The legalities of the digital signature
March 2019, This Week's Editor's Pick, Cyber Security, Security Services & Risk Management
Digitalisation and digital transformation have seen a significant organisational shift from paper-based processes and procedures. Most organisations have adopted alternative methodologies for signing documents to ensure auditable document trails while minimising the costs associated with paper-based transactions and the risks of fraud and identity theft. However, few recognise the difference between an electronic signature and a digital signature – a critical difference that can have an impact on the legalities and security of any document trail.
“The electronic signature is usually defined as an identifying mark that can be anything from a photograph or a scan of a signature to a squiggle made on a mobile phone or tablet,” explains Adv Rian Schoeman, head of Legal, LAWtrust, an Etion company. “It isn’t secure. In fact, the electronic signature is at risk of fraud as it is easy to copy, move and adjust. This is particularly true of poorly executed signatures that are not easily identifiable.”
To ensure deeper security, particularly with regards to highly sensitive or complex records and contracts, digital signatures are more efficient and reliable. A digital signature ensures an auditable, provable trail that can be clearly linked to a specific person and identity. Usually, a digital signature can only be used once the individual has undergone a process of identity verification which assures all parties that the right person has signed the right documentation.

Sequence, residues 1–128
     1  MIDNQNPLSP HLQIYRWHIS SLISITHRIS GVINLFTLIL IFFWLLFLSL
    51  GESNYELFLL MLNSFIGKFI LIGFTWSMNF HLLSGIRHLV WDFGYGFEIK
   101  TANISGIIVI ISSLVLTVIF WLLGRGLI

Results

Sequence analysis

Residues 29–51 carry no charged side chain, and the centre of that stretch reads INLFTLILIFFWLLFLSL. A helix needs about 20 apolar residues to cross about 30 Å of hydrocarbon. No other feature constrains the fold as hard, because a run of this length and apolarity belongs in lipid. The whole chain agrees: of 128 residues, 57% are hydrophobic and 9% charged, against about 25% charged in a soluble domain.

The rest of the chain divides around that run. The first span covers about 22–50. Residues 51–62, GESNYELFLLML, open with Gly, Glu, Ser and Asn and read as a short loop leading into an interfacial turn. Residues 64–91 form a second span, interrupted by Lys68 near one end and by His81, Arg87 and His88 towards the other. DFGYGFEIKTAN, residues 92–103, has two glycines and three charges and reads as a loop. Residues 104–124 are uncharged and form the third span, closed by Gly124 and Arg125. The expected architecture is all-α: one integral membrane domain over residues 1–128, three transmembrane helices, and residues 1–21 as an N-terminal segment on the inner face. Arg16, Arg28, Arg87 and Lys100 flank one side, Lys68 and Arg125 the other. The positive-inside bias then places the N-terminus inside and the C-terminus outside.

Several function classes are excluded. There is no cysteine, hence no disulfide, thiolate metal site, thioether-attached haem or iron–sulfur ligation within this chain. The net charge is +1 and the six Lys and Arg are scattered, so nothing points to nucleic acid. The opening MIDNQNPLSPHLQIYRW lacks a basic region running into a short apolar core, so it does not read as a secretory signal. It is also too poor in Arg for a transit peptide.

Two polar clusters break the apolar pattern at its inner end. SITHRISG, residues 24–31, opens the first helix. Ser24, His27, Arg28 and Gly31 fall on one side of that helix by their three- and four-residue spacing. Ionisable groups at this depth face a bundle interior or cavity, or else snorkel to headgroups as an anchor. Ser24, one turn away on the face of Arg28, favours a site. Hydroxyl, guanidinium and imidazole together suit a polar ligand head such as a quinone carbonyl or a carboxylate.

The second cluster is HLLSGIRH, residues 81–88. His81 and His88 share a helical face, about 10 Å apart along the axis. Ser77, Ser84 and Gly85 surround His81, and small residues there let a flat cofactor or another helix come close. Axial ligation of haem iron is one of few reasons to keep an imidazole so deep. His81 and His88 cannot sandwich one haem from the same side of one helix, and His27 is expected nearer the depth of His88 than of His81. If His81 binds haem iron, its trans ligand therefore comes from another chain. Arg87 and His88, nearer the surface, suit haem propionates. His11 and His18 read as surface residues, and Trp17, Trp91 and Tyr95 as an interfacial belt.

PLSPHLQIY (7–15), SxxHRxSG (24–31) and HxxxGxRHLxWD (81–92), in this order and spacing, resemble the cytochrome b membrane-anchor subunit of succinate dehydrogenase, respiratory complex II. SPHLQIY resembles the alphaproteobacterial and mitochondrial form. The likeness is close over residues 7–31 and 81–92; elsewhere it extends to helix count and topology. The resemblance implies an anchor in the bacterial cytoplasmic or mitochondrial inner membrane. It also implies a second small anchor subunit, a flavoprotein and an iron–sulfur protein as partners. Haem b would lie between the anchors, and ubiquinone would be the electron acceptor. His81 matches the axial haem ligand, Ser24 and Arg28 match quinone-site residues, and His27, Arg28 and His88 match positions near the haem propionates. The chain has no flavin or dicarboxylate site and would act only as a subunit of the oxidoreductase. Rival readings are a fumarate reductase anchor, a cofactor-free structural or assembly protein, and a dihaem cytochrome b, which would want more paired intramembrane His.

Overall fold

“When you open a digitally signed document with a solution such as Adobe PDF reader, selecting the signature will reveal the digital certificate that outlines the individuals name, surname, and other specified identifying factors such as an email address,” says Schoeman. “These signatures are certified and legally binding.”
An electronic signature, paper-based signature, photograph or email signature may have legal weight, but proving that the person’s intention was to be bound by that signature is an involved, complex process. A digital signature does not face the same challenge. The identify verification process ensures that much of this evidence is built into the signature. While the legal process will require that the organisation prove who made the signature, in the event of a query, the process is simplified by the digital trail and embedded forensic evidence.
“To be completely assured of digital signature security, South Africa’s Electronic Communications and Transactions Act (ECTA) recognises the concept of an Advanced Electronic Signature (AES),” adds Schoeman. “This is similar to a digital signature in that it is based on a digital certificate, but it requires face-to-face verification. This ensures the person receiving the document that the signer (signatory) of the document has been verified in person.”
When a signature is disputed, it is the person who queries the signature who has to prove that it is invalid. For large organisations that enter into numerous contract agreements, this is a valuable tool as it assures them of a measure of security when signing agreements.
“To provide both enterprise and its legal department with peace of mind, it is recommended that all digital contracts or agreements are signed using a digital signature,” concludes Schoeman. “This will not only alleviate unnecessary issues that could occur further down the line but will provide all parties with the right levels of assurance from the outset.”
For more information go to http://www.etion.co.za/
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